How do you factor #2x^4-19x^3+57x^2-64x+20#?

1 Answer
Jan 30, 2016

Answer:

Use the rational root theorem to help find the first couple of factors and separate them out to find:

#2x^4-19x^3+57x^2-64x+20 = (2x-1)(x-2)(x-2)(x-5)#

Explanation:

Let #f(x) = 2x^4-19x^3+57x^2-64x+20#

By the rational root theorem any rational zeros of #f(x)# must be expressible in the form #p/q# for integers #p# and #q# with #p# a divisor of the constant term #20# and #q# a divisor of the coefficient #2# of the leading term.

So the only possible rational roots are:

#+-1/2#, #+-1#, #+-2#, #+-5/2#, #+-4#, #+-5#, #+-10#, #+-20#

Trying these in turn we find:

#f(1/2) = 1/8-19/8+57/4-32+20 = (1-19+114-256+160)/8 = 0#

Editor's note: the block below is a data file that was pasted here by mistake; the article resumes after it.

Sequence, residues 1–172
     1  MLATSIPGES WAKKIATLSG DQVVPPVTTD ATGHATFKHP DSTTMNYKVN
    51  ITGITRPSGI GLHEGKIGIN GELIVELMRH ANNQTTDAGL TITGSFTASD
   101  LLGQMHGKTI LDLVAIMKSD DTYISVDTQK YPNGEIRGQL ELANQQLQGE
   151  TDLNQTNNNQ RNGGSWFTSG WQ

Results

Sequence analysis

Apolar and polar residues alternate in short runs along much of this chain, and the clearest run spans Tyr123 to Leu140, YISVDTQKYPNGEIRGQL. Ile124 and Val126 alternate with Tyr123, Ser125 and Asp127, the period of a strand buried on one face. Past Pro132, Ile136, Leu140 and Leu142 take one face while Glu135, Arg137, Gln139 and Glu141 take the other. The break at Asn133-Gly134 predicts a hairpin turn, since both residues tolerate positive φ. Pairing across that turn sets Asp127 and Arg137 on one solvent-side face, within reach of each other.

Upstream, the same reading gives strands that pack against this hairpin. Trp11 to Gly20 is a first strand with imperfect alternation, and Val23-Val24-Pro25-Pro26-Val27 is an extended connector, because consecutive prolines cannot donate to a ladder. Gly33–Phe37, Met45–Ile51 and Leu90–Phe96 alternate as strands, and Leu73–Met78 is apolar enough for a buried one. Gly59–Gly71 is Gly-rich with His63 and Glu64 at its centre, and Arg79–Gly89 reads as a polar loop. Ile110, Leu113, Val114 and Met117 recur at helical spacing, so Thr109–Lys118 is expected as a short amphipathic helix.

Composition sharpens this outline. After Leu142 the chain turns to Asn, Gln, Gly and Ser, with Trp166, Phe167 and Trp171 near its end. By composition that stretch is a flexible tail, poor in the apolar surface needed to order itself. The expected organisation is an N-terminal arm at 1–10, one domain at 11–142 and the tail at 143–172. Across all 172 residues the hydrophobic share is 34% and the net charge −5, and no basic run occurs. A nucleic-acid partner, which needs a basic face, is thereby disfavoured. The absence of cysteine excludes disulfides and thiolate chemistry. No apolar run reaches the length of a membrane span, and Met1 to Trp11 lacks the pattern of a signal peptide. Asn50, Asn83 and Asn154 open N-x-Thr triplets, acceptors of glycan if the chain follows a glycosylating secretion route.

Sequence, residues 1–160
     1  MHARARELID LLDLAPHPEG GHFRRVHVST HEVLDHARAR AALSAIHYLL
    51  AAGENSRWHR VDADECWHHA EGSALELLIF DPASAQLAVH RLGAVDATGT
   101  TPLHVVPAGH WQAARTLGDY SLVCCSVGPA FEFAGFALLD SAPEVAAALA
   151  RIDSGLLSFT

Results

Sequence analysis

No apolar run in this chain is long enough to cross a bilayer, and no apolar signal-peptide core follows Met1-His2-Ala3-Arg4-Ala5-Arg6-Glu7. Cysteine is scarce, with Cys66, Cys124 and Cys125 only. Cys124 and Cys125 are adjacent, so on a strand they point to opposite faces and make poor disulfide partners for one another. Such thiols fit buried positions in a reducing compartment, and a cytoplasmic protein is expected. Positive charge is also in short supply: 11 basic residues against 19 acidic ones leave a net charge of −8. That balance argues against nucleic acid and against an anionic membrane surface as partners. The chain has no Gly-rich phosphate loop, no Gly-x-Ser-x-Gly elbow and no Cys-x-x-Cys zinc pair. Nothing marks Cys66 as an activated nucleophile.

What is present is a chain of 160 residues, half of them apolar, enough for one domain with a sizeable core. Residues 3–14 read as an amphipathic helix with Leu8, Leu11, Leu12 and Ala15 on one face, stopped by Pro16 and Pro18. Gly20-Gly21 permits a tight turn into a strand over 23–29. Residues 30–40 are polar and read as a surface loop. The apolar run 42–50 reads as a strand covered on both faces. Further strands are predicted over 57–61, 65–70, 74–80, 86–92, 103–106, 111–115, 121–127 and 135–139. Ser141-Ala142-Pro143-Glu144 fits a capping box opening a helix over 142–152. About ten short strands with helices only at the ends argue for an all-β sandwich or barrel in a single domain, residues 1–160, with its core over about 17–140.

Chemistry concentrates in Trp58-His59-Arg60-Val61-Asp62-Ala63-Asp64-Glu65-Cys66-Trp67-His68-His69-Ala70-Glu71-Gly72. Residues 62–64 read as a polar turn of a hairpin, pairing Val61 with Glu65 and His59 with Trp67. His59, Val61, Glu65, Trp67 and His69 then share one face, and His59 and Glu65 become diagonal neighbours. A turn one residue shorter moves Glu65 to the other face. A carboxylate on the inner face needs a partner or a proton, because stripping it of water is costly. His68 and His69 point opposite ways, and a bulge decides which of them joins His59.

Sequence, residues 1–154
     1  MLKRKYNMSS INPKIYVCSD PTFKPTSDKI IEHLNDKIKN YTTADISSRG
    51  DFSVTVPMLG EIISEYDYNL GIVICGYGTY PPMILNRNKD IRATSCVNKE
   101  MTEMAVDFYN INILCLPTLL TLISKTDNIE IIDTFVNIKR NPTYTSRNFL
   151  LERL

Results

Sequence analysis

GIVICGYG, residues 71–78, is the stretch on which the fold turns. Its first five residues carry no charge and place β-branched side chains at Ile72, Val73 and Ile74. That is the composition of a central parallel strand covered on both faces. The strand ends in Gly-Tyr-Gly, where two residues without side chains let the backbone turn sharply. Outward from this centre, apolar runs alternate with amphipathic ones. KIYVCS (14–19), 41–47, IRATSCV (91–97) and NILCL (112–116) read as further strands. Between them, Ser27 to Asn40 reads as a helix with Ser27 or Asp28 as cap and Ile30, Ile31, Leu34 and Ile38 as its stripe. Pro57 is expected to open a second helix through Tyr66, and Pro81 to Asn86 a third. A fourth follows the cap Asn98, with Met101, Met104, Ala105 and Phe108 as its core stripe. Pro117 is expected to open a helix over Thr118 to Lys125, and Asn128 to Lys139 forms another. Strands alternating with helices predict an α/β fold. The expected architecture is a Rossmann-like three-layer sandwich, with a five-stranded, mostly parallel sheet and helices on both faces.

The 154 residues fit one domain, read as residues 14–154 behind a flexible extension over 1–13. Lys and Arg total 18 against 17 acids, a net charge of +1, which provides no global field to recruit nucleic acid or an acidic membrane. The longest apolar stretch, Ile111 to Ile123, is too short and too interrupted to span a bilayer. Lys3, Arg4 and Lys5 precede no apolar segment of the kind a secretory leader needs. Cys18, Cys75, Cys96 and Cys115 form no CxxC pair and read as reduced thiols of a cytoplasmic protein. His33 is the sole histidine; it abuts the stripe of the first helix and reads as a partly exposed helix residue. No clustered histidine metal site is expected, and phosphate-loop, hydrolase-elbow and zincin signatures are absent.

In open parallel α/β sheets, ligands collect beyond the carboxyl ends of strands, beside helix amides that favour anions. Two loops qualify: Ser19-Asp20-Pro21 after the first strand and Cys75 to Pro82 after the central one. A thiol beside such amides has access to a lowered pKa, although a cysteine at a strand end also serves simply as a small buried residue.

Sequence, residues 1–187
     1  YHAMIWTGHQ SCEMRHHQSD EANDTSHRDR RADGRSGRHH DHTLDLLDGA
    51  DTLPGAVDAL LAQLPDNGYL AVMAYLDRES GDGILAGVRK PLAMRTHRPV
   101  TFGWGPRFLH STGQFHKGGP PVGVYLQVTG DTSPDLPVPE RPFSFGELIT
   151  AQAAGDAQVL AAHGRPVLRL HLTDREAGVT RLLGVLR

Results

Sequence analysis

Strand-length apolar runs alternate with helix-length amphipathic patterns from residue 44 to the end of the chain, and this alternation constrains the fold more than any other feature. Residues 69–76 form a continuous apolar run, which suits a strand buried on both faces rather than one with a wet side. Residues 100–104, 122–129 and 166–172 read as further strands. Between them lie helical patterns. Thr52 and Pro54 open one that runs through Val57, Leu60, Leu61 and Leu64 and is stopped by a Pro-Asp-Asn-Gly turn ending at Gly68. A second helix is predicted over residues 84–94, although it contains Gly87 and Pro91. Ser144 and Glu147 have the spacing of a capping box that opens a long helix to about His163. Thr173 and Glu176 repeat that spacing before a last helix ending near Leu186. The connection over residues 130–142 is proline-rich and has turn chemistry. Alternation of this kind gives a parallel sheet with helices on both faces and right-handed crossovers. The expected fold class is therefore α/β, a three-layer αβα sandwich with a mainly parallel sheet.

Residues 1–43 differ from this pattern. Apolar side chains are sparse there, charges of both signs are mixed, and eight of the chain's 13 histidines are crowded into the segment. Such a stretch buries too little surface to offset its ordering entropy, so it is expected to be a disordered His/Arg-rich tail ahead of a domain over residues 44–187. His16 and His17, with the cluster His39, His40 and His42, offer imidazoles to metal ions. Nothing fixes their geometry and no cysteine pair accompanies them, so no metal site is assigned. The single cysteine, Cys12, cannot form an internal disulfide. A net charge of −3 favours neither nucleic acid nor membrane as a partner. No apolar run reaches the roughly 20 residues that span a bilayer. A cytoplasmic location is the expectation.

So #x=1/2# is a zero and #(2x-1)# is a factor:

#2x^4-19x^3+57x^2-64x+20 = (2x-1)(x^3-9x^2+24x-20)#

Having 'used up' the factor of #2# on the leading coefficient, the remaining possible rational roots are:

#+-1#, #+-2#, #+-4#, #+-5#, #+-10#, #+-20#

Let #g(x) = x^3-9x^2+24x-20#

We find:

#g(1) = 1-9+24-20 = -4#

#g(-1) = -1-9-24-20 = -54#

#g(2) = 8-36+48-20 = 0#

So #x=2# is a zero and #(x-2)# is a factor:

#(2x-1)(x^3-9x^2+24x-20) = (2x-1)(x-2)(x^2-7x+10)#

The remaining quadratic can be factored by noticing that #2+5 = 7# and #2xx5 = 10#, hence:

#(2x-1)(x-2)(x^2-7x+10) = (2x-1)(x-2)(x-2)(x-5)#

graph{2x^4-19x^3+57x^2-64x+20 [-7.42, 12.58, -5.8, 4.2]}